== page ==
Testing the Tushbaby
My wife recently purchased a Tushbaby hip carrier for taking our daughter out on the town, to the zoo, etc. For those of you who are unfamiliar, the Tushbaby is sort of a large fanny pack, designed in such a way that it provides a sturdy seat for an infant or toddler. When compared to other baby-wearing carriers, it is designed to put essentially none of the load into the wearer’s back and all the loading on the hips.
Well, we just got back from several hours at the zoo without a stroller. All we had for carrying our 1½ year old (who now weighs in at over 25 lbs) was the Tushbaby and our own muscles.
I don’t wish to be too hyperbolic, but I think it may be my favorite parenting tool/accessory we’ve tried, especially on the baby carrying front. As a fairly large man (over 6 feet and hovering around 200 pounds), I’ve long been frustrated by how few carriers are designed for someone like me and can even fit me at their most extreme adjustment. Most baby carriers are just made for females, or at the very least people much smaller than me. The Tushbaby has no such problems, because it’s basically just a fanny pack or hip belt. They even sell a waistband extender should you need it! It fit easily and comfortably, had enough room for a couple diapers and my phone/wallet/keys.
It’s worth mentioning how my spondylitis relates to baby carrying as well. Wearing Ruby on my chest or back inevitably leads to pain after more than about 30 minutes. Carrying her on my hip in the way my wife usually does just isn’t possible because of how inhibited my mobility is; my pelvis virtually can’t rotate relative to my spine in the frontal plane. Even strollers are less than ideal, as the handle bar tends to be too short, forcing me to bend forward slightly which further degrades my mobility. Which leaves carrying her in my arms (a heck of a bicep workout, and still causing back pain) or my shoulders (which is usually impractical). So needless to say, I was intrigued by a baby carrier that bypassed the back entirely and was eager to be the first to try it.
At no point during the day did my back feel like it had any sort of load, strain, or pain, despite carrying my daughter for at least half the time we were at the zoo. In fact, I preferred carrying her on my hip to carrying the backpack that just contained our water bottles.
However, there is no such thing as a free lunch, and the load has to go somewhere. My legs definitely tired out faster than I’m used to, probably because until now I’ve been unable to carry her for that length of time. I was also surprised by how fatigued and sore my hips got. I suspect it is partially due to the load of carrying her. But by the end of the morning I could definitely tell that the Tushbaby was also encouraging/inducing some of the pelvic rotation that my body is not capable of.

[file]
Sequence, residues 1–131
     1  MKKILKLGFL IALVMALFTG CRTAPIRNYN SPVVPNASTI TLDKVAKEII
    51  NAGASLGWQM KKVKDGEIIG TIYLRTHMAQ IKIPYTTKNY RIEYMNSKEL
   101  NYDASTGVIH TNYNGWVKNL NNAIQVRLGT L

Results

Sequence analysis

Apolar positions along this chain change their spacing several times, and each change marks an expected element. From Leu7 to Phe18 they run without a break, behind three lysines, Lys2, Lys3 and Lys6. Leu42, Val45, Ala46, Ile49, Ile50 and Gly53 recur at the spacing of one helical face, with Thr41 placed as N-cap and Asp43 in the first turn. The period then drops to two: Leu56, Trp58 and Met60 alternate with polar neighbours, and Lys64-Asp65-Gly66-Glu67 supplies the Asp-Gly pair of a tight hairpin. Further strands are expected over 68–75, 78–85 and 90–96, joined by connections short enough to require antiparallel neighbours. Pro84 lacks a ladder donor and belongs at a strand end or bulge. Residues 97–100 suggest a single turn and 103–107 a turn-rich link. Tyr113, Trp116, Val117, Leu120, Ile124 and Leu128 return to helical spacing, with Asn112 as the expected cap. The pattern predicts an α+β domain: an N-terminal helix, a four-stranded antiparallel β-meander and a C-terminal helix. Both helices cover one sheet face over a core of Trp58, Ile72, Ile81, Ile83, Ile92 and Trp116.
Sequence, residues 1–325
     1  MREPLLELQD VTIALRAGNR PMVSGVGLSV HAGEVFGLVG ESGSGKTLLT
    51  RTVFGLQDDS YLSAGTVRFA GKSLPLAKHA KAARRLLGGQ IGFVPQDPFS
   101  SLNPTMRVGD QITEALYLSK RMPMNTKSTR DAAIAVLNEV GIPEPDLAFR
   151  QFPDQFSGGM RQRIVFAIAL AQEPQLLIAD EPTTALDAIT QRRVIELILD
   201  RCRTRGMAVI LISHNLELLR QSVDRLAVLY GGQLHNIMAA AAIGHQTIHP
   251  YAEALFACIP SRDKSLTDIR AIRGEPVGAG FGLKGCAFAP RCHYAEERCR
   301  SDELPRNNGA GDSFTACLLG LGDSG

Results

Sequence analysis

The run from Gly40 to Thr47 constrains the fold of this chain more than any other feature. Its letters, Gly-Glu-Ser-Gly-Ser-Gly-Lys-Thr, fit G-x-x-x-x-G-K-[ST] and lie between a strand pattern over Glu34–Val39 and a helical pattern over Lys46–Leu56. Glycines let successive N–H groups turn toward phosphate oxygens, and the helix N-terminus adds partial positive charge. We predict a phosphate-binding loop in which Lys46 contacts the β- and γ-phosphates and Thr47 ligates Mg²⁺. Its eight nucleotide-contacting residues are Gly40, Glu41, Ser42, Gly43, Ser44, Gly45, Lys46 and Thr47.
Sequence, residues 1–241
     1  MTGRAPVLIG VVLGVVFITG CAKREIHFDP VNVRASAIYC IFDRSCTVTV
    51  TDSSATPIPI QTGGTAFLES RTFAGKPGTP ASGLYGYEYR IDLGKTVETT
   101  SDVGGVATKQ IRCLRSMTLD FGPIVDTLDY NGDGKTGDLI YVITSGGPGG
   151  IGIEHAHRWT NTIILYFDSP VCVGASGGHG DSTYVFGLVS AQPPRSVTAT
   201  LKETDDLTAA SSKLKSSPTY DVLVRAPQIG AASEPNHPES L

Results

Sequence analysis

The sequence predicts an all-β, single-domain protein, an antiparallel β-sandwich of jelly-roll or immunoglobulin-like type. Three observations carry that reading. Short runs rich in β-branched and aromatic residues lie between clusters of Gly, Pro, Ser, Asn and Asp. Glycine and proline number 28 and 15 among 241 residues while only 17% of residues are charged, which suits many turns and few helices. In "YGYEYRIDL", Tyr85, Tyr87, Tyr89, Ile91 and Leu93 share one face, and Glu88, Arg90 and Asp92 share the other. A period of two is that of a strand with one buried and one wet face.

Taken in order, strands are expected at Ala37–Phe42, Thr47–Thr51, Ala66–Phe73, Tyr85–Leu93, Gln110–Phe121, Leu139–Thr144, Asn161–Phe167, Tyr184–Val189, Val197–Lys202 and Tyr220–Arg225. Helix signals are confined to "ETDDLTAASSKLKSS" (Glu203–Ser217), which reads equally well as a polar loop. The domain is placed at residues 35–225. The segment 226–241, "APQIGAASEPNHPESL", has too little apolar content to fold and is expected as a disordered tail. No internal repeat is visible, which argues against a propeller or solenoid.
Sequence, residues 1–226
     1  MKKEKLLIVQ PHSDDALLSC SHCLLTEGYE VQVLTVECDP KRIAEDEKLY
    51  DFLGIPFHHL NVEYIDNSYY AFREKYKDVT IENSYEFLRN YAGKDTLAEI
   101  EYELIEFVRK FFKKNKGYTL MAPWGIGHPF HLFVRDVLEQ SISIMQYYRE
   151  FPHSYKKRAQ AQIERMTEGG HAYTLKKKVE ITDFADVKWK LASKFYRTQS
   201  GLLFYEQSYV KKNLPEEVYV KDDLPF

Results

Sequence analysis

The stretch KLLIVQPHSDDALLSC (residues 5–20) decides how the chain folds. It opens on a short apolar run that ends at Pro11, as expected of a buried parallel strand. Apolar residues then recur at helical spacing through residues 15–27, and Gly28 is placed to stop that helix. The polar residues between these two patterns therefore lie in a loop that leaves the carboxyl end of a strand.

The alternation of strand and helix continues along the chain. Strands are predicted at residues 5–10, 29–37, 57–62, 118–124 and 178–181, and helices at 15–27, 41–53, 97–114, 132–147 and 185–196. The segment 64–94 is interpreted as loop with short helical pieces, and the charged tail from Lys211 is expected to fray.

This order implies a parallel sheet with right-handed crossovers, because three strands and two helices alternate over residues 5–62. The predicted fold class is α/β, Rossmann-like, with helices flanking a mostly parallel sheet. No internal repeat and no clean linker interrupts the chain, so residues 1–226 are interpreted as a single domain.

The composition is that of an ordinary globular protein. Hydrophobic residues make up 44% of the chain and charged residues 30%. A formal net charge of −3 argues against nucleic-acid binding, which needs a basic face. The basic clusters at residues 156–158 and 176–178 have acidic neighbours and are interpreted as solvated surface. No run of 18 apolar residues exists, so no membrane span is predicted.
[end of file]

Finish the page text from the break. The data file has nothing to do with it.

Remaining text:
As of this moment, I think that this is probably a good thing and may help me regain that mobility. On the x-rays I have it is very difficult to tell if my L5 and L6 vertebrae are fused or not, so I don’t know if the damage is still reversible. But this type of pain seemed like the good pain, so I am optimistic. I’ll update this post in a day or two and let you know how my hips feel as they get less sore.
As a dad with spondylitis, I consider the Tushbaby an accessibility and inclusivity win. For the first time since she was born, I was able to carry my daughter for a much of a 3 hour trip to the zoo without pain! And not only that, but now my wife no longer has to be the designated baby-carrier, and even when she is she benefits from the same ergonomic gains.
I think this will become one of my parent tips and I fully recommend a Tushbaby to:
- anyone with back issues but unaffected hips or legs
- anyone worried about developing back pain
- anyone carrying a baby more than an hour or two per day
- anyone who has trouble finding a baby-wearing solution that fits comfortably
If you do have issues with hip mobility, I still think it’s worth considering, with knowledge of how it transfers the load and how your particular body moves. I’d encourage you to work with a physical therapist to fully understand your needs and capabilities. As I mentioned, it seems to cause some pelvic rotation in the frontal plane, obviously with whatever side the baby is on being pushed downwards and the opposite side being pulled up as the belt transfers the load. I suspect it would also cause a similar motion in the sagittal plane if you carry your baby more towards the front, but I kept her strictly on my side. You also should be sure that you’re able to/comfortable with lightly supporting the child with your arm. My daughter instinctively grabbed onto my shirt and was pretty stable, but ultimately she is just balancing on a large fanny pack and there were definitely times when I needed to hold her in place (leaning over, running through the rain, etc).
I hope this helps you or someone you know find a better life with less pain!
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